(Ottawa) WE Charity co-founders Craig and Mark Keelberger have been asked to testify before two House of Commons committees.
In a statement issued on Wednesday, the charity said NDP MP Charlie Angus had asked the Royal Canadian Mounted Police (RCMP) and the Canadian Revenue Agency (CRA) to investigate the activities of the WE (in Younis, in French).
At the same time the agency felt that it was unfair to participate in a partisan committee investigation.
“The WE Charity welcomes and co-operates with any of these agencies (RCMP and CRA) in any potential investigation. No organization should be subject to investigation on a single issue. The partisan parliamentary committee wants to conduct its own surrogate.
In testimony to the review of the now terminated federal contract for the WE to run a scholarship program for students, both the Ethics Committee and the House of Commons’ Procedure and House Affairs Committee invited the Keelberger brothers to testify. Although the charity has close ties to Prime Minister Justin Trudeau and his family.
Ethics Commissioner Mario Dion is investigating whether Mr. Trudeau and former finance minister Bill Mornie had family ties with the WE in awarding the $ 43.5 million contract. Both apologized for not withdrawing themselves from the process.
Complaint from donor
Mr Angus called for RCMP and CRA investigations last week after former donor Reid Cowan alleged that a plaque on a school he funded in Kenya had been replaced with a plaque in another donor’s name – we said it was an unfortunate mistake. But according to Deputy Angus, this is evidence of a “tendency to hypocritical relationships with donors”.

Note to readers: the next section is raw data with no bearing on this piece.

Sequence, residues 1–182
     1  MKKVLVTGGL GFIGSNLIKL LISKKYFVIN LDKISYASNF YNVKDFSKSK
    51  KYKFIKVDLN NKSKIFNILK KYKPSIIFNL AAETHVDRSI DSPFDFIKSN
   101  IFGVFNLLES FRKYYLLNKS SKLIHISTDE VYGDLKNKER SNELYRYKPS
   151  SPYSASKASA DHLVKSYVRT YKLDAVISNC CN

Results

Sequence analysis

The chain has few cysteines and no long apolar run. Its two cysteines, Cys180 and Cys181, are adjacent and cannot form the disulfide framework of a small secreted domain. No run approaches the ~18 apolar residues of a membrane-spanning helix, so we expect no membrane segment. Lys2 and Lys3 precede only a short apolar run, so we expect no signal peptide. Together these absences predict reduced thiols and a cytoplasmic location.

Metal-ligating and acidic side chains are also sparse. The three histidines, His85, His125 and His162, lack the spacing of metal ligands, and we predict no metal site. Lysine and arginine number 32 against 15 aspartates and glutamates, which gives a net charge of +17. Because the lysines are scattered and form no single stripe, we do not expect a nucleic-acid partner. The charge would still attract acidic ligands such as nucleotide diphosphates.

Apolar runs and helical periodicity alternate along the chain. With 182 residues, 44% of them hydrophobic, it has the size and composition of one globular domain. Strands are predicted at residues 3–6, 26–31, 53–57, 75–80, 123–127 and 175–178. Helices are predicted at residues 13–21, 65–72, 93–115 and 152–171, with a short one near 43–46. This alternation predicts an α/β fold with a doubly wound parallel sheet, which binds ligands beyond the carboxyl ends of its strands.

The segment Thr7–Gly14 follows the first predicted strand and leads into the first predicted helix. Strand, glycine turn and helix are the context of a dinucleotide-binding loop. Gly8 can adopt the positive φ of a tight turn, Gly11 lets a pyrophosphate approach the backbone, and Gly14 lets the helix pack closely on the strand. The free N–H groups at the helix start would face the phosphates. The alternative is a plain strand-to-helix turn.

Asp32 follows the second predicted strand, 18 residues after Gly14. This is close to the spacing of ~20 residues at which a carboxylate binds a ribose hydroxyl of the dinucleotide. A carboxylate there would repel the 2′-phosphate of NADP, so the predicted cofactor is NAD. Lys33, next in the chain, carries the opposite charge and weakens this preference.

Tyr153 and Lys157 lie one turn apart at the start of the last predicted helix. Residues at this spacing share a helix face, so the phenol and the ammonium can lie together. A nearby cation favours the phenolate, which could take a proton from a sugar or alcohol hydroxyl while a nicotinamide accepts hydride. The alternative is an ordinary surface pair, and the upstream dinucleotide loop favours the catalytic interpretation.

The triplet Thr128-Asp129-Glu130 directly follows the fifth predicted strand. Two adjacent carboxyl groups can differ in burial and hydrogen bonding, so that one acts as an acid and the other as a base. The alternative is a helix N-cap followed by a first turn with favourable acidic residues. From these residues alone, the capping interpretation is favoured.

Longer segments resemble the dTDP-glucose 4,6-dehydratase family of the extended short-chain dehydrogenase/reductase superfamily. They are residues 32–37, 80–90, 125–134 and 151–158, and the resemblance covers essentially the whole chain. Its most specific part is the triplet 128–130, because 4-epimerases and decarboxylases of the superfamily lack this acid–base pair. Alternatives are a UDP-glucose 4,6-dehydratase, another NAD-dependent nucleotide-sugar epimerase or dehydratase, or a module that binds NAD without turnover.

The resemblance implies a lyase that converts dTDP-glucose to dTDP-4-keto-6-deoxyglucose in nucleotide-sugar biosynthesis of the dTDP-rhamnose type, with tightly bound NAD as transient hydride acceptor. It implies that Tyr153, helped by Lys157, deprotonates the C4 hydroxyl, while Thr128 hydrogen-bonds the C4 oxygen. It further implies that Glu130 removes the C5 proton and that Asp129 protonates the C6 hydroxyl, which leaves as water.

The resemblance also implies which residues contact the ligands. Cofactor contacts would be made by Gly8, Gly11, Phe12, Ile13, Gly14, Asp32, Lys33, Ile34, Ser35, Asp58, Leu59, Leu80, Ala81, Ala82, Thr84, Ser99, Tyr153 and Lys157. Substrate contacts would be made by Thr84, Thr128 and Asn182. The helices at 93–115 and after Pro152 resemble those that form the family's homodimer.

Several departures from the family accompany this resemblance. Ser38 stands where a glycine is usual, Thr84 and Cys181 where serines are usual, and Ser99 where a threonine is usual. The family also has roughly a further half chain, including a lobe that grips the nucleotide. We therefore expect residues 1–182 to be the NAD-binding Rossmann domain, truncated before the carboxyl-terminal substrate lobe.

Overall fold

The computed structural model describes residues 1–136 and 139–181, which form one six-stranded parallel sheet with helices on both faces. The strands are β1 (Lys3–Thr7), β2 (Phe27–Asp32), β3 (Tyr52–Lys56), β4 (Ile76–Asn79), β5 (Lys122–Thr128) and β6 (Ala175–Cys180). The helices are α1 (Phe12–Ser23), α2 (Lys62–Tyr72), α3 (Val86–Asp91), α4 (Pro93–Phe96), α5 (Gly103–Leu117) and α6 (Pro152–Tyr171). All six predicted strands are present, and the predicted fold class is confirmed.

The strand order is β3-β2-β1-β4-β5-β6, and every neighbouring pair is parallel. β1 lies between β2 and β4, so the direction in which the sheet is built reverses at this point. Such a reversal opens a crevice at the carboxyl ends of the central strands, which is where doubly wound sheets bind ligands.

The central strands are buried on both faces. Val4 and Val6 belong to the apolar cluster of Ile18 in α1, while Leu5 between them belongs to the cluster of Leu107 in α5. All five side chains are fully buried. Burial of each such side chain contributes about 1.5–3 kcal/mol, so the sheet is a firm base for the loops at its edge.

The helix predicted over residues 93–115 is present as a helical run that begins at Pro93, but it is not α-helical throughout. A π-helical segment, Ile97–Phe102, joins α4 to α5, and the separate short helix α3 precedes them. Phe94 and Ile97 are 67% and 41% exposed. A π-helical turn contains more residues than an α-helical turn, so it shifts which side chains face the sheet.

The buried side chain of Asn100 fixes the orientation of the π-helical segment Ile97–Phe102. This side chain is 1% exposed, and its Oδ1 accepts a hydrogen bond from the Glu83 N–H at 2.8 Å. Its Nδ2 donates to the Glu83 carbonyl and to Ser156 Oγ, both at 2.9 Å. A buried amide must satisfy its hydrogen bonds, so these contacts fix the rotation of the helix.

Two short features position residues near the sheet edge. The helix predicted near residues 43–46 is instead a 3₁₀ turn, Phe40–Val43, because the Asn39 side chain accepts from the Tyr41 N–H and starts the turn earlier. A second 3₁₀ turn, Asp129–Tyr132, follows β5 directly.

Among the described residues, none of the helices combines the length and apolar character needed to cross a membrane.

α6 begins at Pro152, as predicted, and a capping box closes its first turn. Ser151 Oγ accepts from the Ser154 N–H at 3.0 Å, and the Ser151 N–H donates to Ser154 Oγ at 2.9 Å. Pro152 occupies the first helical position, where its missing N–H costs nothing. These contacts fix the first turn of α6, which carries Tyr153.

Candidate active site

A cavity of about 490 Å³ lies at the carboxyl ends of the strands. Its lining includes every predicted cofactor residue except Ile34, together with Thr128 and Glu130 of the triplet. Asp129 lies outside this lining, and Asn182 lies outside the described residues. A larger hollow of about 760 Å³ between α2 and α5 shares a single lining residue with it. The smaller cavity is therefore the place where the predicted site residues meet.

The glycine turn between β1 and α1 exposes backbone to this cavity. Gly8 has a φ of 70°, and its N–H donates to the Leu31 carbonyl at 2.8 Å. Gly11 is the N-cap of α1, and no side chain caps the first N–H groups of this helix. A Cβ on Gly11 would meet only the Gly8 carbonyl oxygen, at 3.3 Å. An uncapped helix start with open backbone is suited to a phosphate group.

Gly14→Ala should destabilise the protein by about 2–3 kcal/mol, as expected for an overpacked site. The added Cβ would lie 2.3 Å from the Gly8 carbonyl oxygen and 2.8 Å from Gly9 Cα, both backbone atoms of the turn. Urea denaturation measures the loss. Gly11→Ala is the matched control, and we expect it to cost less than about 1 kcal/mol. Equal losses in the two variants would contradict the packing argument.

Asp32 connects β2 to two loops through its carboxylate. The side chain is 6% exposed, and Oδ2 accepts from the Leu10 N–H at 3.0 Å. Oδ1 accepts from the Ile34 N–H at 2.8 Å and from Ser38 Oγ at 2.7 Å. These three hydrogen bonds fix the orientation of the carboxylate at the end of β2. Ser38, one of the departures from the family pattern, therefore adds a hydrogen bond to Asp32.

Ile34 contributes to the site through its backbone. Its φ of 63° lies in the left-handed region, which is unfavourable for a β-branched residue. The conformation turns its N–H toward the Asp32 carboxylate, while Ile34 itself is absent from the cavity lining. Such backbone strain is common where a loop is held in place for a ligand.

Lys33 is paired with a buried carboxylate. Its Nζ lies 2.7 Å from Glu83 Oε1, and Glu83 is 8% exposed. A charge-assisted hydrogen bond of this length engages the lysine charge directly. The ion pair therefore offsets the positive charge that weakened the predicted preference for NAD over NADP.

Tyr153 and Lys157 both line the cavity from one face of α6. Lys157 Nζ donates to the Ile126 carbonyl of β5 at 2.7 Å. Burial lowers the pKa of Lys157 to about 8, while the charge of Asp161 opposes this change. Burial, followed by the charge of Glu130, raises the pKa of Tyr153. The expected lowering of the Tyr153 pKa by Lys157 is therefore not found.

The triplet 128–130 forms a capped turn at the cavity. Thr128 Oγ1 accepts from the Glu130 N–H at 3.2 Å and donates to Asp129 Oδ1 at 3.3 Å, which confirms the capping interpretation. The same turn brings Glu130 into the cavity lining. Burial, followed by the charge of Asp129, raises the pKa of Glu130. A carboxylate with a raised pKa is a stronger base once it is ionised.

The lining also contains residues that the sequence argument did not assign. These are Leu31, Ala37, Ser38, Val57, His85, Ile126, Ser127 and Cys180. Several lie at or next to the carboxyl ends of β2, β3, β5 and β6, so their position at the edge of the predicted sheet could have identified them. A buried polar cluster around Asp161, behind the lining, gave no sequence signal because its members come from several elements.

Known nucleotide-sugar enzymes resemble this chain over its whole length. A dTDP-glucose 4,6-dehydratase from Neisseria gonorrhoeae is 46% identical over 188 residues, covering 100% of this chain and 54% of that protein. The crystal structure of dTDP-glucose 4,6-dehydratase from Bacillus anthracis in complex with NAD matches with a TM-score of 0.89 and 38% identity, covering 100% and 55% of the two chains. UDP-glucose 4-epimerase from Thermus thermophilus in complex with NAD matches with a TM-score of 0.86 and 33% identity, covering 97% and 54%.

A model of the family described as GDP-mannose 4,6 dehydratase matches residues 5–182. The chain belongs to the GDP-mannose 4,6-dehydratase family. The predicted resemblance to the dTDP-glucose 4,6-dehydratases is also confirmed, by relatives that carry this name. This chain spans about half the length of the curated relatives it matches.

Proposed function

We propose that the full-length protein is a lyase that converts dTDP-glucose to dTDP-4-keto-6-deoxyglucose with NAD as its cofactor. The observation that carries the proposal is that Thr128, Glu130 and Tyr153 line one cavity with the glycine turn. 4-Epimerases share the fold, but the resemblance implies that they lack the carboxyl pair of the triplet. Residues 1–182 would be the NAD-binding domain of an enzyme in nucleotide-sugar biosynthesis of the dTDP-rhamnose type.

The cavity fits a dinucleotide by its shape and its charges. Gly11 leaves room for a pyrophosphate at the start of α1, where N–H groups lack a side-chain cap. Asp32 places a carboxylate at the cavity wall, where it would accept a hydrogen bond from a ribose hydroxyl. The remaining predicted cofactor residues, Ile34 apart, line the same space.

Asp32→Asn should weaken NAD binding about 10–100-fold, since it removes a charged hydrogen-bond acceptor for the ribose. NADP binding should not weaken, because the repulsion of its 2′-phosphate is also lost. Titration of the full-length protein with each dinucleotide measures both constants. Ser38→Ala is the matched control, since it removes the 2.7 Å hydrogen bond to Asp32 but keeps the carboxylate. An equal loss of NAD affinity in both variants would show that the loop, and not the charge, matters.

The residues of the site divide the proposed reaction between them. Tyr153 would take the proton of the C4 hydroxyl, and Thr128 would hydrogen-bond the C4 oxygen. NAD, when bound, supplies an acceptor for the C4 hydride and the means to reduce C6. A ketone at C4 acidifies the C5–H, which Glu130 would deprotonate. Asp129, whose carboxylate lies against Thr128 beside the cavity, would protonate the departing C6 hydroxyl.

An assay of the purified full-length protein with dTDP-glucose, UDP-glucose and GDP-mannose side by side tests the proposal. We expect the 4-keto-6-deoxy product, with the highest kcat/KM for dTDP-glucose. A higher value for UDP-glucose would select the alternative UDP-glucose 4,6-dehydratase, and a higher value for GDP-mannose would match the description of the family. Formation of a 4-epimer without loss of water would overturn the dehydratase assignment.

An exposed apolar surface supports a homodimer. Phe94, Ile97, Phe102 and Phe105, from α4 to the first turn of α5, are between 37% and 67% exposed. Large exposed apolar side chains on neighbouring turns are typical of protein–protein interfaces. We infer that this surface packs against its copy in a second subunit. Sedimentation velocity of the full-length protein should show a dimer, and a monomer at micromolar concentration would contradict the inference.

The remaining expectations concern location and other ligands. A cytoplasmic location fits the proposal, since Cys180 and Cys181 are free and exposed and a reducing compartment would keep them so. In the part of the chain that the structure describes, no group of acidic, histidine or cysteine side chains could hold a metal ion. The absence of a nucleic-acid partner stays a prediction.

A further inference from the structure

Reid Cowan made these allegations in his testimony before the Commons Ethics Committee, which is reviewing a now-canceled federal agreement for WE to run a student scholarship program.
Following the controversy over the scholarship program, the Kielberger brothers testified for four hours before the House of Commons Finance Committee last summer.
Declined further invitations
The WE charity said in a statement on Wednesday that five members of the organization had testified before various “highly biased” committees over the past nine months and that they would reject such invitations again.
The agency assured that the Justice Commissioner would continue to co-operate in the investigation.
He said his board was in the process of setting up a standing committee on donor transparency to consider “any specific concerns raised by past, present or future donor”.
The charity said its primary goal was to investigate Mr Cowan’s allegations.
When donors collaborate on projects such as building a school, the charity says, “These funds are often pooled to help villages like other large international organizations. Development.”
WE wants to be clear about this policy through its websites and other materials and adds that “every penny donated to the WE charity is used to help children”.